The negative and positive aspect of Standardized testing


Respond to classmates who answered the following questions as if you were me replying to them. Use one reference for each response.


The negative aspect of Standardized testing by Edana

One of the barriers with standardized testing, is that culture can make a tremendous difference (Kasworm et al., 2010). Certain expressions, questions, and so forth have different meanings in different countries, which can cause tremendous confusion, frustration, and whatnot. An instructor or teacher may give or try to give a test, without the student(s) understanding exactly what is expected of them (Popham, 2020). External factors play a major role when it comes to standardized testing, such as home life, test anxiety, and other factors. The test may be based upon a single test performance, which is unfair because it leaves out the growth of knowledge that a student has become privy to throughout the length of the course. Some individuals may get overwhelmed about taking tests and eventually grow to despise testing as a result of the negative thoughts that result from trying to meet high expectations or the assumption that they have to do well or could possible fail and be thought of as incompetent. Standardized testing tends to leave out important skills and focus on certain subjects like reading, math, and writing.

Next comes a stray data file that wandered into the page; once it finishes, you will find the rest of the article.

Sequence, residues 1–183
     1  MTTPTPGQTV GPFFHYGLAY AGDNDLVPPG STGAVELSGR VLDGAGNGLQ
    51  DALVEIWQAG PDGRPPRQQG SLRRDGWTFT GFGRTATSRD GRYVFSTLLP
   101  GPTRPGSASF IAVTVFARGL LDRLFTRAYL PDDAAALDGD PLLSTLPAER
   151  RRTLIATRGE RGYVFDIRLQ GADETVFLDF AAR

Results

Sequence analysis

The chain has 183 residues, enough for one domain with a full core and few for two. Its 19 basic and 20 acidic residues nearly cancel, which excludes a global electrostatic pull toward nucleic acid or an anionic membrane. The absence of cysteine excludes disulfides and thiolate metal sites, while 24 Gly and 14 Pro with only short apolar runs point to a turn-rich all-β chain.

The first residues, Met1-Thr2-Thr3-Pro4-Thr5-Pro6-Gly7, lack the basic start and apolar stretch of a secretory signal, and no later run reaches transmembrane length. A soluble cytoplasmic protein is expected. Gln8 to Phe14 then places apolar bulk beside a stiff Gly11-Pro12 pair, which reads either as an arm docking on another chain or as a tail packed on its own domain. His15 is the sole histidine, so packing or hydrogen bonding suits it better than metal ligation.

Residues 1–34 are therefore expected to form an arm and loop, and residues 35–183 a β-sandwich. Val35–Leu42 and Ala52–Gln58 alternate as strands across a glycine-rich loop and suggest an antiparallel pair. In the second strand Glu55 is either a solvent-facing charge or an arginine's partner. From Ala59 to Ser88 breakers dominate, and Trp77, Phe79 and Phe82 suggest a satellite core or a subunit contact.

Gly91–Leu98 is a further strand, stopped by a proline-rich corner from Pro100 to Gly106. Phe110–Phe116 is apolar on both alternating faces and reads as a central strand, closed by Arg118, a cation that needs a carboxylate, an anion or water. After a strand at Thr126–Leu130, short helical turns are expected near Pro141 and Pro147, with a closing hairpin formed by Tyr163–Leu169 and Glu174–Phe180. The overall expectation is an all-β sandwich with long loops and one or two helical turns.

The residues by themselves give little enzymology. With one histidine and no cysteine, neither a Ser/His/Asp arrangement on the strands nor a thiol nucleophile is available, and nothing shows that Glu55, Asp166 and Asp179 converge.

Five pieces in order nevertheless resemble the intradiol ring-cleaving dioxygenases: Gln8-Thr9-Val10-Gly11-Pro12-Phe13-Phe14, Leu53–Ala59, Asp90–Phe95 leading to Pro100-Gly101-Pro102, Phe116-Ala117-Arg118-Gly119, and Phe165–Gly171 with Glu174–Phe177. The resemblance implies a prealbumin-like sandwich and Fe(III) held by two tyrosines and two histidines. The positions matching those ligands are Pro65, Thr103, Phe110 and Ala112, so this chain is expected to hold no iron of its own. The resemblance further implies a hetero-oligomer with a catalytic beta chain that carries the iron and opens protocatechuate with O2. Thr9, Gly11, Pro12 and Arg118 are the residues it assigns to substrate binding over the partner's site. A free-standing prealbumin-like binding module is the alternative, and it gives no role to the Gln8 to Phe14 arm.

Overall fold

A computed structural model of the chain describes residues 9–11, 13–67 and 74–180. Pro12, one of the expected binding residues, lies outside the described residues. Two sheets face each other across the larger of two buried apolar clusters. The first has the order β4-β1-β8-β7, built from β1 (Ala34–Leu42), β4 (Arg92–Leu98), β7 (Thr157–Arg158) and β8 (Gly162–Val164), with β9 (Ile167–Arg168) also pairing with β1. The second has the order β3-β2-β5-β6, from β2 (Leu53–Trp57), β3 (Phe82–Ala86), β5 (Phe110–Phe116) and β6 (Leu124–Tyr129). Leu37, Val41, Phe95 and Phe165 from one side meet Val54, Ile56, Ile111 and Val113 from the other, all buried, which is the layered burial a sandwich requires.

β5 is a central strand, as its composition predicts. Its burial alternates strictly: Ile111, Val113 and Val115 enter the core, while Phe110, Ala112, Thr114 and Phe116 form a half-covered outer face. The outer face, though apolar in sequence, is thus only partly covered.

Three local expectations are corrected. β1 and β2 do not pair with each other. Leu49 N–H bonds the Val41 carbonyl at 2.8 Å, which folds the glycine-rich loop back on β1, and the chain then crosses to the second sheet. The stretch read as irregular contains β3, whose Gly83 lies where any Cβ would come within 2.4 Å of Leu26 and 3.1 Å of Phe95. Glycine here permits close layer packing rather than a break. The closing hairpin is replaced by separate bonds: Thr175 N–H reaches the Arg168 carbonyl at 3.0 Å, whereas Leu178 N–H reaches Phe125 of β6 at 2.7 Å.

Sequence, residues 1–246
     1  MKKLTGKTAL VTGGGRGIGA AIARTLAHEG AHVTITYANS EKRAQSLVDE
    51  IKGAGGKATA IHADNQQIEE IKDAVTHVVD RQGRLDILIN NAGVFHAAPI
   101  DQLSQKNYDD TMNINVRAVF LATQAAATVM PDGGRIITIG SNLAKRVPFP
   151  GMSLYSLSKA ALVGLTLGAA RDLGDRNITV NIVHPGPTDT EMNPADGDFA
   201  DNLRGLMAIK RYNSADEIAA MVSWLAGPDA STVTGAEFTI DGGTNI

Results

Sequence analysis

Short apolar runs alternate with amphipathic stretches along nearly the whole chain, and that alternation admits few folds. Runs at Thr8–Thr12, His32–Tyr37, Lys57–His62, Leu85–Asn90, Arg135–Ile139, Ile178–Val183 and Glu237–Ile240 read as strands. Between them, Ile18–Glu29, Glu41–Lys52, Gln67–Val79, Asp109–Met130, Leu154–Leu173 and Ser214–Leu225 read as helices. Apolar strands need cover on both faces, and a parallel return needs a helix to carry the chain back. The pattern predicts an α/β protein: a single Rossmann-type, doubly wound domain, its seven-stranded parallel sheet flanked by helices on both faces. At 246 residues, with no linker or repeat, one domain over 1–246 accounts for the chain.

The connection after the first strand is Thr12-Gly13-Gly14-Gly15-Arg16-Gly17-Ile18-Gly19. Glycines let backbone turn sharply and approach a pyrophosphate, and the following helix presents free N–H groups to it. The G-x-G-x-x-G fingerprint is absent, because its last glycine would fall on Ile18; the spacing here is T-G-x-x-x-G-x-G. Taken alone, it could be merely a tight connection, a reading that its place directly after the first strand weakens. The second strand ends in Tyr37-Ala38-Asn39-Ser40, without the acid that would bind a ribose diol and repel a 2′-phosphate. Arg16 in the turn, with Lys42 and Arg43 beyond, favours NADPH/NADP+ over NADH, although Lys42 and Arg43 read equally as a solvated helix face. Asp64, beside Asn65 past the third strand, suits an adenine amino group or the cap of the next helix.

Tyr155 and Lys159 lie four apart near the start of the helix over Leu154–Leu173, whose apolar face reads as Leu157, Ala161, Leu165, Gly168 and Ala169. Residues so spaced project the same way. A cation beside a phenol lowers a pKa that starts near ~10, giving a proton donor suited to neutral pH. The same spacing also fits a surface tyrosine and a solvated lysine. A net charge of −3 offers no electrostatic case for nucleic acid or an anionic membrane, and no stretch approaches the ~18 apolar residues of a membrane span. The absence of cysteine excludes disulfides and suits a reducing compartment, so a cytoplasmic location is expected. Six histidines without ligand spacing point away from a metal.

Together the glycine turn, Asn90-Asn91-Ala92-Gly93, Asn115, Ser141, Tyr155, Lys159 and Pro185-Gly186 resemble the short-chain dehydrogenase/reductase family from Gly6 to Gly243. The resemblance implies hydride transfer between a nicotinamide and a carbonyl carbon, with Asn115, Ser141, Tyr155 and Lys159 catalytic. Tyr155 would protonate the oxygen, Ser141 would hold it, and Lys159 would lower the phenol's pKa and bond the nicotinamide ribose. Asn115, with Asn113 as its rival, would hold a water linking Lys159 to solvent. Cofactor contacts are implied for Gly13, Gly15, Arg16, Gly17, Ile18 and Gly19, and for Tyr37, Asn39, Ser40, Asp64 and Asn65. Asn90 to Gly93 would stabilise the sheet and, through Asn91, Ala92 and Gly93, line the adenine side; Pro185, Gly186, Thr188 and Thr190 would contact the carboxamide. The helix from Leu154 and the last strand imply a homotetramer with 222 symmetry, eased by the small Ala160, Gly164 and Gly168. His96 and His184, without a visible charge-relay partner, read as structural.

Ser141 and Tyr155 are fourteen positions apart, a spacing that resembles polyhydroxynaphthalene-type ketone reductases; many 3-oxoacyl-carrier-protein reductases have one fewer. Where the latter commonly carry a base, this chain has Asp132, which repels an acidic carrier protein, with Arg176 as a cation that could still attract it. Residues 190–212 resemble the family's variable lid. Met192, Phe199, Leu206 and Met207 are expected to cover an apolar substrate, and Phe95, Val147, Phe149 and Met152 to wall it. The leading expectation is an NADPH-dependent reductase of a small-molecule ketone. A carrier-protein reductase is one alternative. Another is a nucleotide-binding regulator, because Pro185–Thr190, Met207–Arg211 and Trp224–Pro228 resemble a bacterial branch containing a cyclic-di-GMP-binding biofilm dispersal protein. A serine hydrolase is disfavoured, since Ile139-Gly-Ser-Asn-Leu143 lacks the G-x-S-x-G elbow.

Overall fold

The positive aspect of standardized testing-Responding to Marcus

The positive aspects of standardized testing are many, but I want to focus on grading. Standardized testing helps to eliminate subjective grading by both teachers and test administrators. Standardized testing is based on objective information because the tests are constructed to eliminate feelings and opinions about the questions. Grading based on personal feelings about students or an entire class leads to biased student performance assessments (Malouff & Thorsteinsson, 2016). Standardized testing places each student on a level playing field and eliminates bias using the same testing material. Teachers and administrators are susceptible to increasing scrutiny in grade inflation and, in some cases, grade manipulation (Hardre, 2014, pg. 1). With standardized tests, the room for manipulation is lower but not completely eradicated, which falls on the administrators to suppress remaining instances. Teachers who understand their students’ characteristics and how they answer questions sometimes give additional points for partial answers. With standardized tests, the scores are generated and graded by an automated system away from the institution where the assessment took place, further lowering manipulation instances. In cases where the institution’s expectation of performance is low, but the scores on the test come back high, the thought process is misalignment bias. In misalignment, bias is attributed to several factors, such as how the teacher approaches scoring. Misalignment is when teachers believe the students start with 100 percent and deducts for errors compared to teachers who start with a zero and add up to 100 percent (Hardre, 2014, pg. 2). The difference in scoring based on personal preference can skew tests scores, which standardized tests seek to suppress.

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